Murdoch: Life after DirecTV

Nov 12, 2001  •  Post A Comment

News Corp. Chairman and CEO Rupert Murdoch tried to convince analysts and investors last week that he is moving on to other business in the wake of his foiled marathon effort to acquire Hughes Electronics’ DirecTV.
But in his remarks last week, Mr. Murdoch left the door open to re-enter the fray if regulators foil EchoStar’s proposed merger with DirecTV, which Mr. Murdoch appears to be encouraging based on the fact that it will create a monopolistic domestic satellite player.
“Strange things can happen at the last minute to derail the details no matter how committed the partners,” Mr. Murdoch said.
Hollywood will be the source of the stiffest legal and regulatory opposition as Fox and other program producers and distributors are concerned about the “price squeeze” a combined EchoStar-DirecTV could create for content and services.
“We think it is against the public interest; we don’t know if it will go through. The continual consolidation of the entertainment and distribution business is something that is beginning to spread some alarm among all suppliers. But all of our channels are on both DirecTV and EchoStar, so we don’t really see any problems there,” Mr. Murdoch said.
“All of Hollywood-and all content providers-are going to get increasingly worried about the mergers going on in this business. It will be very heavy if, say for instance, AOL Time Warner is allowed to merge with AT&T Broadband,” he said. “I wouldn’t be surprised to see lawsuits coming in all of this. It will be a long time before it’s done … if it’s done.”
Giving the EchoStar-DirecTV merger a 70 percent chance of going through, Mr. Murdoch said, “We’re not obsessing about it. Life is too short to dwell on it. We’re just picking ourselves up and getting on with life.”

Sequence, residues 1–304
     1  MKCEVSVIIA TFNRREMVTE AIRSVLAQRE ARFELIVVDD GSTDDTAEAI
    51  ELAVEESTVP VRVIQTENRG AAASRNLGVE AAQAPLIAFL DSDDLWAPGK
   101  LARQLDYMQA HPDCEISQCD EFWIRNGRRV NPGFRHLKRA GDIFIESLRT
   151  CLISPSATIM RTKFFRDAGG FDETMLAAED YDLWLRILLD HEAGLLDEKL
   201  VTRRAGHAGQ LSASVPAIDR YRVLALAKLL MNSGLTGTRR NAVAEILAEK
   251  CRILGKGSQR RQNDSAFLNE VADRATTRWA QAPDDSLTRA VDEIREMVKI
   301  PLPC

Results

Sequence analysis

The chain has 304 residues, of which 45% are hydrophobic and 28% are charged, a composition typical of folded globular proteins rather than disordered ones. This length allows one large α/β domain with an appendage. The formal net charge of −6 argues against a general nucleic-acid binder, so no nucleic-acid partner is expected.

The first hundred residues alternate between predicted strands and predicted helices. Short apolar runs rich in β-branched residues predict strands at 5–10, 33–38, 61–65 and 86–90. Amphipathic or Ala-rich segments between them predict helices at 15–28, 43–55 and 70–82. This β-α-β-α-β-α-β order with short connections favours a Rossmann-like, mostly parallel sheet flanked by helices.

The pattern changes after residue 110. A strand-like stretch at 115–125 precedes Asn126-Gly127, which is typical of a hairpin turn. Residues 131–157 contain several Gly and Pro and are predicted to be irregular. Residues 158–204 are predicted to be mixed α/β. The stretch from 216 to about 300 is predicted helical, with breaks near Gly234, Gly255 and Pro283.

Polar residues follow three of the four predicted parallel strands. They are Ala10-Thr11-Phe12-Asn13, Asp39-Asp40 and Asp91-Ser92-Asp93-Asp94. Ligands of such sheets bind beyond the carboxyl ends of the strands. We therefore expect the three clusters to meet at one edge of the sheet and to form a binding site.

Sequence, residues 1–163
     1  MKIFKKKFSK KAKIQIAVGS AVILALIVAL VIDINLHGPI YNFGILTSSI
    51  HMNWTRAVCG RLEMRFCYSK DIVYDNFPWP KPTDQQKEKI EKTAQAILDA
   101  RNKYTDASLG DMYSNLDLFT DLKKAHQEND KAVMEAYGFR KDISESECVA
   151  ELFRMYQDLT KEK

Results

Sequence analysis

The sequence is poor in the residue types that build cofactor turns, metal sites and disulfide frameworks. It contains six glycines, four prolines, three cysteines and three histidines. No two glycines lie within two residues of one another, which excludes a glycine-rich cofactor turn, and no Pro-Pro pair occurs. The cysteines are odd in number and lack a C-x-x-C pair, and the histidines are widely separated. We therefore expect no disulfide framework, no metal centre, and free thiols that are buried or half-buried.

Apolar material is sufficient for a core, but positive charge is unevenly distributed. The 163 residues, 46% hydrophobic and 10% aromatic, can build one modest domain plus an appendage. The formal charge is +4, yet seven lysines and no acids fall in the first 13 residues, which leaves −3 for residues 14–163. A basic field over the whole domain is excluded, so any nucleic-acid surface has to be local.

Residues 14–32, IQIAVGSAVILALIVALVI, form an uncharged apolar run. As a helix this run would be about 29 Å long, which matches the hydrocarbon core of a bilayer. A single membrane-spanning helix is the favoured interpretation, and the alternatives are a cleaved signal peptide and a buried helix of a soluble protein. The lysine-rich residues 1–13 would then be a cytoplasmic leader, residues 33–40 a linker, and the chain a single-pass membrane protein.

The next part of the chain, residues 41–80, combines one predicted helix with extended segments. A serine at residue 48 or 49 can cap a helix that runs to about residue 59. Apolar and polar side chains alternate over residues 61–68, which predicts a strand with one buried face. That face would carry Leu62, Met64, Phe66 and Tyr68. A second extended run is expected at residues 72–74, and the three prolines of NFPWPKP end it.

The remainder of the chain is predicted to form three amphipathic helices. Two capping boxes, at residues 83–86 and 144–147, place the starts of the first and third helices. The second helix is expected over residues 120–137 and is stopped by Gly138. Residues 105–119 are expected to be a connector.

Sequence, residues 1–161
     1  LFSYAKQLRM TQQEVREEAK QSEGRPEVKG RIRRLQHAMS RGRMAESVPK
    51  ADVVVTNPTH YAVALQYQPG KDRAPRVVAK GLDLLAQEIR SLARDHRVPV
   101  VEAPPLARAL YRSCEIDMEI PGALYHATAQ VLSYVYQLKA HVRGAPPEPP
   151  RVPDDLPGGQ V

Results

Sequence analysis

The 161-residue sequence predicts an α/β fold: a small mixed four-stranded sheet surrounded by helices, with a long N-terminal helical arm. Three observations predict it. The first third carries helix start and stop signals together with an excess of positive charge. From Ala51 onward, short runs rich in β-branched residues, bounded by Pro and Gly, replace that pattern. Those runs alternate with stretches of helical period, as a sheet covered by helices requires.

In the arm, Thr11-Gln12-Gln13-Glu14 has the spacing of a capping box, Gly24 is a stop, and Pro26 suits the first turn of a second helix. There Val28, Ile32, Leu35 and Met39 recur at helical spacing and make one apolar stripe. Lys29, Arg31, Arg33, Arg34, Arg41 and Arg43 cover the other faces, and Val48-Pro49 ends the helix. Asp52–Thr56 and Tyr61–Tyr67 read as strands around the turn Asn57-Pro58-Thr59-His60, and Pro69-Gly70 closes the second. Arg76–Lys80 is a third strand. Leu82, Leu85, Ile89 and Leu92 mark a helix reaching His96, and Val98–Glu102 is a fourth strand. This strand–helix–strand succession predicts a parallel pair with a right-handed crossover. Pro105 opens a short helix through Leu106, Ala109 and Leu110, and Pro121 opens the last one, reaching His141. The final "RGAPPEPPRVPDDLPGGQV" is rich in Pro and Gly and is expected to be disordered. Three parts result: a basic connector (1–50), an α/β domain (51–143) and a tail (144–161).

However, much has changed since Mr. Murdoch first launched his bid for DirecTV. With the stock markets and economy weak, he conceded that plans to take Sky Global public are “on the back burner.”
“We wouldn’t want to go near this damn market with an IPO,” he said.
Although News Corp. will continue to grow its satellite operations such as BSkyB and Star TV outside of the United States, he will pursue the domestic satellite market as a content provider rather than a distributor.
Mr. Murdoch said he would take his $21 billion Sky Global satellite holdings public only if he needed to create currency to make another run for DirecTV.
Mr. Murdoch said he was stunned when, during what appeared to be eleventh-hour negotiations with General Motors’ Hughes Electronics, the tables suddenly were turned on the 18-month discussions.
“The four bankers and the two managements recommended us. The board was ready to vote for us, and they got a call from Detroit,” Mr. Murdoch said, referring to a telephone call from GM officials. “What happened still has not been explained to me.”
Mr. Murdoch said he was “shocked” by what News Corp. uncovered during due diligence on Hughes’ books. “The company had a lot of problems,” including “an inordinately high churn rate and cost base,” he said.